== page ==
DETECTIVE COMICS #881
What did the
Art by JOCK and FRANCESCO FRANCAVILLA
Cover by JOCK
Size: 40 pages
All good things must come to an end. The truth of that statement is made ever so evident by “Detective Comics” #881, the end of Scott Snyder’s brilliant run. Snyder has created a dark and disturbing portrait of the Batman world, more so than most writers who have tackled it. With the New 52 relaunch barreling down on us, Snyder’s challenge was to wrap up a run that has succeeded in meticulously laying the groundwork for a horrifying story that would effect Gotham for years to come. It’s a hefty challenge but this creative team really pulled it off.
This issue is dialogue heavy and has the feel of a wrap up issue. In many ways it follows different formulas that we’ve seen in movies and other books. It also doesn’t pack that one big jolt that we’ve seen in the other issues. But that’s not to say this isn’t a good book. In fact, Snyder’s ability to tie everything together while hanging on to the same eerie tone only spotlights his storytelling skills. He fully unveils James Jr., revealing his plans and his mindset and in turn giving us a character that has earned his rightful spot in Gotham’s rogue gallery. Snyder’s skillfully written dialogue gives us a sort of dark psychological profile of James Jr. through some sequences that capture just as much tension and intensity as almost any major motion picture. I won’t even hint at the story other than to say that the payoff is very satisfying.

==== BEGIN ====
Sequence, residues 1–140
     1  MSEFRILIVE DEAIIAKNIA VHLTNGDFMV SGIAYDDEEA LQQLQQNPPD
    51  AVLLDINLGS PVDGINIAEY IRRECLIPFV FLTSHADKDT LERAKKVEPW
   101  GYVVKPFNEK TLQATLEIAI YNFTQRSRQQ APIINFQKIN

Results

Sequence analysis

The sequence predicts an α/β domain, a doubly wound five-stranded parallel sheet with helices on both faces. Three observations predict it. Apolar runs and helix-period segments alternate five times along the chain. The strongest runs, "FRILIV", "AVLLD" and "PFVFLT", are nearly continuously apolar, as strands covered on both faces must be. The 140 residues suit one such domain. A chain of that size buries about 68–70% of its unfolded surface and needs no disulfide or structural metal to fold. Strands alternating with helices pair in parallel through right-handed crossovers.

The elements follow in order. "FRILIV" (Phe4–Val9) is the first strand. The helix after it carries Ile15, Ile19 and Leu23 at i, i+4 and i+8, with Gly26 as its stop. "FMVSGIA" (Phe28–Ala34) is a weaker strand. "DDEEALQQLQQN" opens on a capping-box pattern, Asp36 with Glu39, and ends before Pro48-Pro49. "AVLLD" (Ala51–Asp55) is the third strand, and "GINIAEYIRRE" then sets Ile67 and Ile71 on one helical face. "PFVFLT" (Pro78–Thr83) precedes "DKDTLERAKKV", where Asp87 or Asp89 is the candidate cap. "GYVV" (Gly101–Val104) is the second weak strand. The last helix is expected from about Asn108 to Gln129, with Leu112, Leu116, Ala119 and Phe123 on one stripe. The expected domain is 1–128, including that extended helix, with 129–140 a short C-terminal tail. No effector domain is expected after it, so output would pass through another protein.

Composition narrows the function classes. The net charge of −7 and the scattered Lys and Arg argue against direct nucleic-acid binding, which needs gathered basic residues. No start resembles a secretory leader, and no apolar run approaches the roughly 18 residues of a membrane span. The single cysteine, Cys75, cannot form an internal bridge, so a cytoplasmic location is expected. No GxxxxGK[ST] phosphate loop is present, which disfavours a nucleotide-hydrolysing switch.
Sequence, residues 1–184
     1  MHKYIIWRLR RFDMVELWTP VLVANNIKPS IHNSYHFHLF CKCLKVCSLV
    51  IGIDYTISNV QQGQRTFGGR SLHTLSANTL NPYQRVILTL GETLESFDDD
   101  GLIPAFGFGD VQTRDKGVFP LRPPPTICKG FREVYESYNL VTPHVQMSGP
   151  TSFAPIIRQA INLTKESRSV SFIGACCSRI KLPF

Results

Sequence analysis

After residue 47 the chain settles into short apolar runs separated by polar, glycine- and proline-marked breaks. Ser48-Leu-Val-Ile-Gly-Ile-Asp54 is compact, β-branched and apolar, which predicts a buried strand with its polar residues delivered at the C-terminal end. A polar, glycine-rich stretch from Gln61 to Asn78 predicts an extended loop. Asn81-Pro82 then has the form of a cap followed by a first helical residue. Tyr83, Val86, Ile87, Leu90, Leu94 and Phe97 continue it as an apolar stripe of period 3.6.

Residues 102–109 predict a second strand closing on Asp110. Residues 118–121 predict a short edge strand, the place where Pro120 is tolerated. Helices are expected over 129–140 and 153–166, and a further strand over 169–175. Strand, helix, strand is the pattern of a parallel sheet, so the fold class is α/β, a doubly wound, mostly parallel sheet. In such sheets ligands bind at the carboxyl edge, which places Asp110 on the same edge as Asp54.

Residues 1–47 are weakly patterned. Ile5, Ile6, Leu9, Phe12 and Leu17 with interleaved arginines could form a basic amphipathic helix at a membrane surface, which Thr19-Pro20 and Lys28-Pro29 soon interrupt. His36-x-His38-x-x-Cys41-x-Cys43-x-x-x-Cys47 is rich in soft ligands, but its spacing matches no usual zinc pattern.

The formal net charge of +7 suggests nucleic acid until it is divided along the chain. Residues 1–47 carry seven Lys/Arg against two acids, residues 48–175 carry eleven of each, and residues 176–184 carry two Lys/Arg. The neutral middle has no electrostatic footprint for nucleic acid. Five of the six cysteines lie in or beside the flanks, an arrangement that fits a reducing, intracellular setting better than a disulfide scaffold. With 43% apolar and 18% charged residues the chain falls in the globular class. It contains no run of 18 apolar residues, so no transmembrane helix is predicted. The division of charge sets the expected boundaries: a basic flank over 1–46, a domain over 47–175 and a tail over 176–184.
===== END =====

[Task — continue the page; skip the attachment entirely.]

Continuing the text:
The art duties are split between Detective regulars Jock and Francesco Francavilla with both doing 15 pages apiece. Both artists deliver the goods by presenting some creepy and moody pages. I find myself drawn more to Jock’s work and his overall ability to capture the feel of a scene. Francavilla’s pencils are fantastic and perfectly blend with Jock’s work. But he has consistently saturated his panels with reds, oranges, and yellows. I wasn’t a big fan of that choice before and the same holds true here. It’s far from terrible and it certainly sets a tone but it feels overused. But the mild color gripe not withstanding, there’s no denying the art’s effectiveness and it’s a great compliment to Snyder’s writing.
“Detective Comics” #881 has all the elements of a great finale. Snyder also throws in some added twists that should effect the Batman books and characters for years to come. It’s sad to see this run end. But what’s more important is that this creative team ended with the same high quality work as they began with. It never fizzled out. When all is said and done, this will be one of those runs I’ll be revisiting and revisiting.
Art: 4 - Very Good